The terms “radiation” and “beam” used herein encompass all types of electromagnetic radiation, including ultraviolet (UV) radiation (e.g. having a wavelength of or about 365, 248, 193, 157 or 126 nm) and extreme ultra-violet (EUV) radiation (e.g. having a wavelength in the range of 5-20 nm), as well as particle beams, such as ion beams or electron beams.

The term “lens”, where the context allows, may refer to any one or combination of various types of optical components, including refractive, reflective, magnetic, electromagnetic and electrostatic optical components.

While specific embodiments of the invention have been described above, it will be appreciated that the invention may be practiced otherwise than as described. For example, the invention may take the form of a computer program containing one or more sequences of machine-readable instructions describing a method as disclosed above, or a data storage medium (e.g. semiconductor memory, magnetic or optical disk) having such a computer program stored therein.

One or more of the embodiments may be applied to any immersion lithography apparatus, in particular, but not exclusively, to those types mentioned above. A liquid supply system as contemplated herein should be broadly construed. In certain embodiments, it may be a mechanism or combination of structures that provides a liquid to a space between the projection system and the substrate and/or substrate table. It may comprise a combination of one or more structures, one or more liquid inlets, one or more gas inlets, one or more gas outlets, and/or one or more liquid outlets that provide liquid to the space. In an embodiment, a surface of the space may be a portion of the substrate and/or substrate table, or a surface of the space may completely cover a surface of the substrate and/or substrate table, or the space may envelop the substrate and/or substrate table. The liquid supply system may optionally further include one or more elements to control the position, quantity, quality, shape, flow rate or any other features of the liquid.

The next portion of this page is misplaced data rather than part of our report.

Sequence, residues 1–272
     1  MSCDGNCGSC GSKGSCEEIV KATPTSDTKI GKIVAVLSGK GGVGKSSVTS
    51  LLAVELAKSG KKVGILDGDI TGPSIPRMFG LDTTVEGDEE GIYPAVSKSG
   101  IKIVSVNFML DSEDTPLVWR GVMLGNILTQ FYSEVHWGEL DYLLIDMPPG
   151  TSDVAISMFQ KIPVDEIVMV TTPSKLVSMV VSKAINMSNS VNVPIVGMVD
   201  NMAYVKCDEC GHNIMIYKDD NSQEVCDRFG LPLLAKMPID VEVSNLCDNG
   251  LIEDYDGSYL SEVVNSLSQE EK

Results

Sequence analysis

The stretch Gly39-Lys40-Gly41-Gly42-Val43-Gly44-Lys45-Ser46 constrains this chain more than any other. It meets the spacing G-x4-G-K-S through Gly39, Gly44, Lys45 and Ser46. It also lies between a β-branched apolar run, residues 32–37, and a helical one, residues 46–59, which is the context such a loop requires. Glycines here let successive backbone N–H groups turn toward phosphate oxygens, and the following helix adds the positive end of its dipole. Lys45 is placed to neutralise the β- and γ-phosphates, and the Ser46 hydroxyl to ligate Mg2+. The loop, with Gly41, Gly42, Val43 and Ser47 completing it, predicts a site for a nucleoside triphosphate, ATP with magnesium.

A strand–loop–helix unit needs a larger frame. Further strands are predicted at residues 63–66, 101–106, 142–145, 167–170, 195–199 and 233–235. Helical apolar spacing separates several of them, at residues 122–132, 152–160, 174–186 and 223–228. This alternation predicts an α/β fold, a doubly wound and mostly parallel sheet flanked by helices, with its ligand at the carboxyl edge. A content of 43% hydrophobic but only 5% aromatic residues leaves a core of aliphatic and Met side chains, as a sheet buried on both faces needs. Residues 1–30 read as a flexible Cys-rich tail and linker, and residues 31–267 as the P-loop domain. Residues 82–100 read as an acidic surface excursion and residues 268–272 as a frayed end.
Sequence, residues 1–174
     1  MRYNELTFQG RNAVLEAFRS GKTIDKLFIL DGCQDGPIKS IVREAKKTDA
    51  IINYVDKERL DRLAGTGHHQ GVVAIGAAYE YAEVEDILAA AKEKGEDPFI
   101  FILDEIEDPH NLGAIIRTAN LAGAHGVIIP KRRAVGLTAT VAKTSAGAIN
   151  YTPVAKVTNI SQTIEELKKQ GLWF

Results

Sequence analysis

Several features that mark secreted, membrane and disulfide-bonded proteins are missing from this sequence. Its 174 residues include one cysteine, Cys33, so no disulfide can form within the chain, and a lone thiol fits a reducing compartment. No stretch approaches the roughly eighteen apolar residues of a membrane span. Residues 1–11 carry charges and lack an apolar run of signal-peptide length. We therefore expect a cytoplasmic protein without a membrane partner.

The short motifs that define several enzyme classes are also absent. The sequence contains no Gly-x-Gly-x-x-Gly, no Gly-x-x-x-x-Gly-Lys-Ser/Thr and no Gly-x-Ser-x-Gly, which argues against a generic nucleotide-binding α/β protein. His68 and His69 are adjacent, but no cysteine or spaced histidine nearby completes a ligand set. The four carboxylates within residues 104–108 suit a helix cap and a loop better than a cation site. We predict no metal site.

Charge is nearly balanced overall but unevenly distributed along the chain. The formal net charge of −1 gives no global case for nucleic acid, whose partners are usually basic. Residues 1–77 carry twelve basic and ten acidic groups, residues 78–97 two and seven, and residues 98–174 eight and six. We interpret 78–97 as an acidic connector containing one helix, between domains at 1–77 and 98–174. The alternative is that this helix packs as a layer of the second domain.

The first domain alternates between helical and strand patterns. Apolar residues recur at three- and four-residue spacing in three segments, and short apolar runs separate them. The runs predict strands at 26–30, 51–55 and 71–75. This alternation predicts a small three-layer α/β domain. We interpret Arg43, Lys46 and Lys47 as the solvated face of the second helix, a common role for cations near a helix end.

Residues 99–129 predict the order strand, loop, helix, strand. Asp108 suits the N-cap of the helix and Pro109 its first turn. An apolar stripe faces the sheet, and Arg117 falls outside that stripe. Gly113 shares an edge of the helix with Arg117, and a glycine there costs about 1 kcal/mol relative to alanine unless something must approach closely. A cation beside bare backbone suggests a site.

The descriptions above are intended to be illustrative, not limiting. Thus, it will be apparent to one skilled in the art that modifications may be made to the invention as described without departing from the scope of the claims set out below.

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Classifications
U.S. Classification355/53, 355/30
International ClassificationG03B27/42, G03F7/20, H01L21/00, B05C11/00, H01L21/027, G03B27/52
Cooperative ClassificationG03F7/70808, G03F7/70341, G03F7/70866
European ClassificationG03F7/70P2, G03F7/70P6B, G03F7/70F24